Finding a quiet place free of distractions is the best way to get started with yoga. While many yogis prefer to practice with a special mat, towel, or blanket, no tools are required (please note that yoga props may help people with medical conditions as well as the elderly). While many yogis enjoy a group yoga experience at a local yoga center or club, other yogis are moving outdoors where they are able to reconnect with their inner selves and also be with nature.
We live in the midst of an unprecedented ecological crisis in which the fate of our entire planet hangs in the balance. The philosophy of Yoga, with its reverence for all life and its recognition of universal consciousness as the root of all existence, provides us with the spiritual wisdom that can help us solve this problem in a conclusive and enduring manner. Unfortunately, most modern Yoga practitioners approach Yoga mainly as a physical or personal discipline and do not look into its ecological relevance and help unfold its transformative power for the benefit of the planet as a whole.
A yogi pays attention to his food, his breath, his body/mind and goes within. But no matter how profound the meditative state he attains, he returns again and again to this world. This world, too, is an arena of Yoga. If a yogi is not aware of environmental issues, who will be? If a yogi does not make a disciplined and thoughtful use of resources, who will?
At this time, on one hand, perennial sciences like yoga are being reduced to the level of mere fitness industry, and on the other the world is seeking solutions to the current millennium of ‘inconvenient truths’ facing the entire life kingdom of the planet. It is the perennial that will solve the problems created by the short-term minds. Yoga has perennially taught the virtues like a-parigraha, non-grabbing, santosha, contentment, ahimsa, causing neither hurt nor harm to any living beings (sarvatha sarvada sarva-bhutanam: in all manners, at all times and in all conditions) and not even plucking a blade of grass without a prayer.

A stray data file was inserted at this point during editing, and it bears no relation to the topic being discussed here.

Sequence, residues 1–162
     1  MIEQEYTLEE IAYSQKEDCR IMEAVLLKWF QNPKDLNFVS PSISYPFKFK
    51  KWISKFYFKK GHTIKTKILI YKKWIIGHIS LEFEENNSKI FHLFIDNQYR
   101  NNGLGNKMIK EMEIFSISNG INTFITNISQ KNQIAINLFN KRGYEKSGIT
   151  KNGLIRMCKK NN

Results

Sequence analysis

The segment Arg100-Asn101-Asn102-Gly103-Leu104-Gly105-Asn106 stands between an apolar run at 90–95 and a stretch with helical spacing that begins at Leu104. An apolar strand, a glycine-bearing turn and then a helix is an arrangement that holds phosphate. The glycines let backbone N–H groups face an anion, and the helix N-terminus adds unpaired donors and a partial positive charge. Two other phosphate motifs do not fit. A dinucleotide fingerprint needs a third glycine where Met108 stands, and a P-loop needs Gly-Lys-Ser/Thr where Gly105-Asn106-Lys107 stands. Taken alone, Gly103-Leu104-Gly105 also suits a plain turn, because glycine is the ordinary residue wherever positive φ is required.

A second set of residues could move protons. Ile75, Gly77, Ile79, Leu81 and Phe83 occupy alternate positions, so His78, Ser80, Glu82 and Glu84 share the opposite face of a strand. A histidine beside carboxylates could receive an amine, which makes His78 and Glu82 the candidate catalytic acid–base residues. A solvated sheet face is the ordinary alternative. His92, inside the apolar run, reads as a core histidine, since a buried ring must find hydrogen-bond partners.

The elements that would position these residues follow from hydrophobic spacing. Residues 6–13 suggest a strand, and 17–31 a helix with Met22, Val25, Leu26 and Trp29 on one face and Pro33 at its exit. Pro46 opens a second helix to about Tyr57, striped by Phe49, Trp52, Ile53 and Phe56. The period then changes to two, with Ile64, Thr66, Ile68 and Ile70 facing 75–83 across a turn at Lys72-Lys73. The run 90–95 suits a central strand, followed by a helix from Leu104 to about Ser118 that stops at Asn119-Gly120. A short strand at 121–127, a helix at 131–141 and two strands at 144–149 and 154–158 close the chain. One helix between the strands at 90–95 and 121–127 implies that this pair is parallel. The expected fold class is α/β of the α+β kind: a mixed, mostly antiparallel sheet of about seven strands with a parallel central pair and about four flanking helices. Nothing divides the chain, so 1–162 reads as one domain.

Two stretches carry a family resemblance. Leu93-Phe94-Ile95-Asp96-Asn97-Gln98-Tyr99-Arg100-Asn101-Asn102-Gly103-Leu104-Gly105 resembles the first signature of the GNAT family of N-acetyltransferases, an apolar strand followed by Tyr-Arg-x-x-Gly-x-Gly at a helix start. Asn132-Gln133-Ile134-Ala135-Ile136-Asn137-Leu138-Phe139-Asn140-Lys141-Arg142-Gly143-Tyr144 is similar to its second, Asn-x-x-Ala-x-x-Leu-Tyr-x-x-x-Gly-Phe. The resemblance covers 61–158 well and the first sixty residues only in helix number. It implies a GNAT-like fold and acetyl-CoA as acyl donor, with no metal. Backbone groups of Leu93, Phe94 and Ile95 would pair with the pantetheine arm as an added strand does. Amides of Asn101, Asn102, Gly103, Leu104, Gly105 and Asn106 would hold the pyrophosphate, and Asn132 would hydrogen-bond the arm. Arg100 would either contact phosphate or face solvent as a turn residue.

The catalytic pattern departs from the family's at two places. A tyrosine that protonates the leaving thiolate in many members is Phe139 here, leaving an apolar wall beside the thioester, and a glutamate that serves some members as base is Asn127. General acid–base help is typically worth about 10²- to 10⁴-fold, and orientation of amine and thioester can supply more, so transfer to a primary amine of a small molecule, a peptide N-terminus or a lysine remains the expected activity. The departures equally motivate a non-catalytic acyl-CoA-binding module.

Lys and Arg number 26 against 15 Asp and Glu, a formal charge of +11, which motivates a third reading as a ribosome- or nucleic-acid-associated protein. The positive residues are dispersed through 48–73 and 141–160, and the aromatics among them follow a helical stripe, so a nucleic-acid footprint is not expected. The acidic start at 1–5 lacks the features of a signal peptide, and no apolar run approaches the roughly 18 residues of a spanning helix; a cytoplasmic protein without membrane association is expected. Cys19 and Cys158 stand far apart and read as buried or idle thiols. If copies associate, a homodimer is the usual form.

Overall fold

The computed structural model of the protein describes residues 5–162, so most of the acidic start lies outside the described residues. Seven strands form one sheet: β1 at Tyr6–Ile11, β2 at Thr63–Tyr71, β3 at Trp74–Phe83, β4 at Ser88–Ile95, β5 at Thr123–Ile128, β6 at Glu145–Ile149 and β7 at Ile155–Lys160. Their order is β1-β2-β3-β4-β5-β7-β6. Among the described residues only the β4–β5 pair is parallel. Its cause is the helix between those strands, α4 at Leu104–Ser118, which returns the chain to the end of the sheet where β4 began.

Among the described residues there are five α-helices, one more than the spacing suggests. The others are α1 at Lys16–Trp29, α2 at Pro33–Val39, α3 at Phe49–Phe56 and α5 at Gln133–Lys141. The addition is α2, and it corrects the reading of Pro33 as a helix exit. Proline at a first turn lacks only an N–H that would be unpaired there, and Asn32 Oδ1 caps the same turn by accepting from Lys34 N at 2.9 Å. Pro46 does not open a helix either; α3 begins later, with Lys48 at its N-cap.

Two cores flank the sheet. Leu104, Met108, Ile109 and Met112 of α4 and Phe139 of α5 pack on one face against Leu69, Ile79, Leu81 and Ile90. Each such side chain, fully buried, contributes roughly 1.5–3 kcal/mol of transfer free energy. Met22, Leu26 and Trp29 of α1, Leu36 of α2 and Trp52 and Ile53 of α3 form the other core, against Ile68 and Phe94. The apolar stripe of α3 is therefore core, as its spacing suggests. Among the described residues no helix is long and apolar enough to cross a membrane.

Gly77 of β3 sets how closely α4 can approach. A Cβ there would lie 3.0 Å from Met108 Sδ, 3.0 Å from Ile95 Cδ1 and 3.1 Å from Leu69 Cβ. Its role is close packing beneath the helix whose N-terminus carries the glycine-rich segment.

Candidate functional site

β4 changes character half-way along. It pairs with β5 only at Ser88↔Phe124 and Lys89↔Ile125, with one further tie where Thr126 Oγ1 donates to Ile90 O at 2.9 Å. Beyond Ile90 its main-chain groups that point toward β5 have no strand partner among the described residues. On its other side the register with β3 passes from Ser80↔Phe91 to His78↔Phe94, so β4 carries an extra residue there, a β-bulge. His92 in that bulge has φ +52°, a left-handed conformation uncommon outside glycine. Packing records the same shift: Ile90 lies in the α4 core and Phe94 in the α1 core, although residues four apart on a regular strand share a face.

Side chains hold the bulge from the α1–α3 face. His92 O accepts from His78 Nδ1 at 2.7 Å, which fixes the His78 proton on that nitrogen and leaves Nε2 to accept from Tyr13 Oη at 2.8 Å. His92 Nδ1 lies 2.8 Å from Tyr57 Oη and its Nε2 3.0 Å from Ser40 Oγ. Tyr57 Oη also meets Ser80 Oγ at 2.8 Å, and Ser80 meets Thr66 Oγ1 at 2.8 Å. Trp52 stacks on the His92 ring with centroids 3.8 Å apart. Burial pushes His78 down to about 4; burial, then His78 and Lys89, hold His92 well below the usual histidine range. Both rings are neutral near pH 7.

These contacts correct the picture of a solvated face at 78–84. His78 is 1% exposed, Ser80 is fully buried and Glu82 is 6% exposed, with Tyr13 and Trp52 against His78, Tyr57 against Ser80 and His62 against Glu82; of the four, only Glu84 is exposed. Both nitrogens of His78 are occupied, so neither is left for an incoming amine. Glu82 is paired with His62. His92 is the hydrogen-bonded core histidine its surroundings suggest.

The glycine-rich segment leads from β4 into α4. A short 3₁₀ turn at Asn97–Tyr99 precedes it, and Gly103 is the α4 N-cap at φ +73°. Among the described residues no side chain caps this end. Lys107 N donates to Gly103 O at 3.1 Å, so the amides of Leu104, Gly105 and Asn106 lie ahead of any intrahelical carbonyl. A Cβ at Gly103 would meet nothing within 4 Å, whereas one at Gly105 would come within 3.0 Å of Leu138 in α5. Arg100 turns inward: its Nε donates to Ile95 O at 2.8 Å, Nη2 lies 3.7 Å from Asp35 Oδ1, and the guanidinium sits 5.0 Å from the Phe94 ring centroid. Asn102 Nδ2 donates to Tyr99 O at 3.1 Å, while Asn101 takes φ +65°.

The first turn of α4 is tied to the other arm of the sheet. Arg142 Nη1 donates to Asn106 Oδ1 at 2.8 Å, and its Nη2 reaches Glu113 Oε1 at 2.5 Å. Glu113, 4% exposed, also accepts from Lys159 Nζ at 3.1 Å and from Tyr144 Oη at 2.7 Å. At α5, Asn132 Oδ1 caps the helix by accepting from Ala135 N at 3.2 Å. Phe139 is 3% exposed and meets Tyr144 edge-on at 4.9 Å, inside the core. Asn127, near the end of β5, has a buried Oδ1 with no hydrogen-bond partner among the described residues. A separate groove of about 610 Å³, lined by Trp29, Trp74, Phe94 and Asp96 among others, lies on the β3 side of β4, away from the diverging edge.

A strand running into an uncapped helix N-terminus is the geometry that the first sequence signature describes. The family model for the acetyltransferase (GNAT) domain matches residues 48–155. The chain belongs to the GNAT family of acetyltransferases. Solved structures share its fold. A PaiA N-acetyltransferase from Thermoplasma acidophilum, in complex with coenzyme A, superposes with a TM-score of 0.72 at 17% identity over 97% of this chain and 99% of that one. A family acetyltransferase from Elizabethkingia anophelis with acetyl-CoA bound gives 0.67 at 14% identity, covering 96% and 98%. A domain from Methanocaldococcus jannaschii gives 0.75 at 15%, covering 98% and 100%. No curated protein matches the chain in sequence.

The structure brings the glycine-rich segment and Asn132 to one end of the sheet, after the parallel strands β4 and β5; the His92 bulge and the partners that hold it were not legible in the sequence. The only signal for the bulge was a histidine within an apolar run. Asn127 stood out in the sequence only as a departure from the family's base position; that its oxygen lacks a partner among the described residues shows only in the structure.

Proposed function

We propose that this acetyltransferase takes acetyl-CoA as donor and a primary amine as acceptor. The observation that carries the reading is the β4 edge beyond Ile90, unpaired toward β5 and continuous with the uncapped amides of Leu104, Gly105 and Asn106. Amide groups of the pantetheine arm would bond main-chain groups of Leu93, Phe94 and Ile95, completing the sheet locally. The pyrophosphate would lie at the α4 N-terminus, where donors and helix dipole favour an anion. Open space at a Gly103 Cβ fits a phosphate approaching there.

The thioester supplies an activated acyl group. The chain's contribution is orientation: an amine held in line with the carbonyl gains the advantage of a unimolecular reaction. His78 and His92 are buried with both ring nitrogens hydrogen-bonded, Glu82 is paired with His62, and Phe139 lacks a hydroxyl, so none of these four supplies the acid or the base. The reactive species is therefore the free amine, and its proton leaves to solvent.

One who follows the path of meditation naturally and intuitively develops these qualities; the recent discoveries in neuroplasticity show that the meditation practices change the very structure of the human brain whereby one takes joy in altruistic qualities and acts and needs no dependence on external objects to possess in order to find satisfaction.
Only such innate satisfaction will lead us towards not grabbing, not harming nature—our very nature. This is the green message of Yoga.
Some folks expressed their indignance at having their nose rubbed in the unpleasant facts of global warming, planet-wide pollution, and the Sixth Mass Extinction. Scientists have for decades now warned us of the dire inue to turn a blind eye to the mounting evidence so as to conveniently pursue their current self-indulgent way of life. Unfortunately, they appear to include Yoga practitioners. I would like to urge those with a conscience to be open to the available evidence and change their life accordingly.